Josh Phelps, first baseman for the 2007 Pirates. He was one of those rare Rule 5 draft picks that already had big league experience before he was picked, and he had plenty of it. Phelps had over 350 games in at the majors and six seasons of big league experience, when the Baltimore Orioles signed him as a minor league free agent on November 10, 2006. Less than a month later, the New York Yankees selected him in the Rule 5 draft. He would hit .263 in 36 games in New York through the end of June. He was put on waivers, where the Pirates picked him up. Playing in 58 games, mostly off the bench, he hit .351 with five homers and 19 RBIs for the Pirates. He was even used as a catcher when Ryan Doumit went down with an injury, getting two starts at the position, which were his first big league starts behind the plate in six years. Despite his versatility and his strong hitting, the Pirates dropped him from the roster in November of 2007 when they picked up pitcher Jimmy Barthmaier off waivers. Phelps played just 19 more Major League games after leaving Pittsburgh, all with the 2008 St Louis Cardinals. He was active in pro ball until 2011, spending the 2009 season in the minors with the San Francisco Giants, splitting the 2010 season between Triple-A for the Cleveland Indians and independent ball, and the 2011 season was spent in Italy.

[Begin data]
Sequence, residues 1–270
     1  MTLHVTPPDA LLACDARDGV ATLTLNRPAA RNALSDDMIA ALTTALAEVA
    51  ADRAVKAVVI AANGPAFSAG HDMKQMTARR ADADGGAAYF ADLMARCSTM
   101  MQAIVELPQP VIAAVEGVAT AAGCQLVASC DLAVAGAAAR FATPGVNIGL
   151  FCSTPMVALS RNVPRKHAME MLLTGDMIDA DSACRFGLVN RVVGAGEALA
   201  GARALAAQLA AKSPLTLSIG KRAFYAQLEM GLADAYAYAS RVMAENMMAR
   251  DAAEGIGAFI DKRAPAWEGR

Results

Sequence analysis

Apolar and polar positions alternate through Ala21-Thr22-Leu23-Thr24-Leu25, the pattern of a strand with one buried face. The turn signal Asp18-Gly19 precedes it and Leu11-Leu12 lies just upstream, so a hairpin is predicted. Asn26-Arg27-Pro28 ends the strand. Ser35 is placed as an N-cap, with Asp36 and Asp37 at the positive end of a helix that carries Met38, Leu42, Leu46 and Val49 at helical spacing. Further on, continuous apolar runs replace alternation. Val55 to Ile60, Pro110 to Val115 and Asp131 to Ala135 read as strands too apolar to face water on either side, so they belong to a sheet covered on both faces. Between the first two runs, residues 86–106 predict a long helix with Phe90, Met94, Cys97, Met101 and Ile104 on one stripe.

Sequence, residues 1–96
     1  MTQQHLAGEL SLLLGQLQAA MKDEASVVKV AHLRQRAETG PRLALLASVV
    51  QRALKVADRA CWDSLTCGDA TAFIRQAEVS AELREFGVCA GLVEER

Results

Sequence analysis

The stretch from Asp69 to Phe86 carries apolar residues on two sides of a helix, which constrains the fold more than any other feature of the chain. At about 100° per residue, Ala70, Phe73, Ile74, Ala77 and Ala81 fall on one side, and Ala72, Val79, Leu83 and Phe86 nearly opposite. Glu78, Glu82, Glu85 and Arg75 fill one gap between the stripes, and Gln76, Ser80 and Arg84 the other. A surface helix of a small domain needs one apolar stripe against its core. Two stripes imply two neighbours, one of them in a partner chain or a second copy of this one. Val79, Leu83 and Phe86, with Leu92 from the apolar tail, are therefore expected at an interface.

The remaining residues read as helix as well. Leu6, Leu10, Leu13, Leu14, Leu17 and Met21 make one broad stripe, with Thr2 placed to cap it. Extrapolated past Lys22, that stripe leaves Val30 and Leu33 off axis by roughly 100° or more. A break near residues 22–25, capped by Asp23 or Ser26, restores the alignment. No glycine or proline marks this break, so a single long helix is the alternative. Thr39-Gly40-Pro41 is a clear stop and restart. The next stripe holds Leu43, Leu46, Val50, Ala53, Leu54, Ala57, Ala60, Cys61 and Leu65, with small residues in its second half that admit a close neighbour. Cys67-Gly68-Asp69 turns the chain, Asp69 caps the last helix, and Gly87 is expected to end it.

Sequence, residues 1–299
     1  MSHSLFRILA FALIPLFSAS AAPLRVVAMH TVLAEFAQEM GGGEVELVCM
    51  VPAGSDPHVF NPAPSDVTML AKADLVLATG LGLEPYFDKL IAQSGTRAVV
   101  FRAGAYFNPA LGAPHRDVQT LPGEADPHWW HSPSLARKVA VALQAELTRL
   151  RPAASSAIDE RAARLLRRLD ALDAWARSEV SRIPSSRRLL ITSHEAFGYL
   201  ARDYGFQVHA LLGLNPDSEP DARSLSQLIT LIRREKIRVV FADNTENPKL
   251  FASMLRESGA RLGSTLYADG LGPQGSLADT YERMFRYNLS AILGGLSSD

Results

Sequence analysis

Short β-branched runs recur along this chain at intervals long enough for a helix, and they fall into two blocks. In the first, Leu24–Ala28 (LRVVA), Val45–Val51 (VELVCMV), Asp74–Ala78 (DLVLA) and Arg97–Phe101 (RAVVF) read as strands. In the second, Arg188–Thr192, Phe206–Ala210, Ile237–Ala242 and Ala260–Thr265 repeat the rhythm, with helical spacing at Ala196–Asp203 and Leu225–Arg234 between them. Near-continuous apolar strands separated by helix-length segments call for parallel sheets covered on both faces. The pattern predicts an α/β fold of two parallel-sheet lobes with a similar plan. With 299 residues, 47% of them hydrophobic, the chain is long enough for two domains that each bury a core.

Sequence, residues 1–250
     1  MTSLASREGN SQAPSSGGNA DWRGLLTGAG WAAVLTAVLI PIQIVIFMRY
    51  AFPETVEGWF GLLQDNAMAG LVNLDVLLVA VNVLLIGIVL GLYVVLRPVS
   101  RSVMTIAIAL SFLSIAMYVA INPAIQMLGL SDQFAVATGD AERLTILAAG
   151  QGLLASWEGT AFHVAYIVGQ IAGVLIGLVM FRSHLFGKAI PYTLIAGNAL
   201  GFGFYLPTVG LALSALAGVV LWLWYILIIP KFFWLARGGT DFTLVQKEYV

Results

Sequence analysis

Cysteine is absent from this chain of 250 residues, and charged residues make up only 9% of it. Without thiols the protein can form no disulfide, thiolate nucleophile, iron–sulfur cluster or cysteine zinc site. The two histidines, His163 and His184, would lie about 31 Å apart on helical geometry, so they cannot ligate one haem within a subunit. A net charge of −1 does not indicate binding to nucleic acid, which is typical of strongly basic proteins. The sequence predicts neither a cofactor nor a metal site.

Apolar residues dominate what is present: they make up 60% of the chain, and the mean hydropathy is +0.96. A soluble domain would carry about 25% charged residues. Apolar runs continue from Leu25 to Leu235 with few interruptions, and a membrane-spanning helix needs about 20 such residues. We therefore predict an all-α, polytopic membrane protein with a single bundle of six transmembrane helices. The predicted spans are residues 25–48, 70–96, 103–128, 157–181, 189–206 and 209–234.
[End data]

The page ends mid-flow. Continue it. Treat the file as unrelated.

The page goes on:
Phelps began his pro career in 1996 after the Toronto Blue Jays selected him in the tenth round out of high school. He is one of 12 big league players born in Alaska and he’s the all-time leader in most categories for that group. He batted .241 with five homers in the Pioneer League. He spent the next two seasons at Low-A, hitting .210 in 68 games in 1997, then .265 with eight homers in 117 games in 1998. Phelps had a breakout the next year playing in the pitcher-friendly Florida State League, where he hit .328 with 27 doubles and 20 homers in 110 games. He had a strange season in 2000 after that big year. He spent part of the year back in High-A, did poorly in a trial at Double-A, and played one big league game in June. Phelps hit .297 with 31 homers and 97 RBIs in Double-A in 2001, then saw action in eight games as a September call-up to the majors. Phelps played parts of two seasons in the majors before he played his first game at Triple-A in 2002, when he split the season evenly between the minors and majors. With the Blue Jays, he hit .309 with 15 homers and 58 RBIs in 74 games. Phelps was a catcher until about a month into the 2002 season in Triple-A, when he made the switch to first base full-time. In 2003, he saw his most big league time in one season. He hit .268 with 20 homers and 66 RBIs in 119 games. He was traded to the Cleveland Indians midway through the 2004 season. Between the two stops that season, he hit .251 with 17 homers in 103 games. He was granted free agency after the season and signed with the Tampa Bay Devil Rays. In 47 games in 2005, Phelps hit .266 with five homers. He spent the entire 2006 season in Triple-A with the Detroit Tigers, where he batted .308 with 24 homers. Phelps was a .273 hitter in 465 big league games, with 64 homers, 244 RBIs and 198 runs scored. His 64 homers makes him the leader for players born in Alaska, but the competition for that spot was weak. The other 11 Alaskan born players combined to hit 21 homers.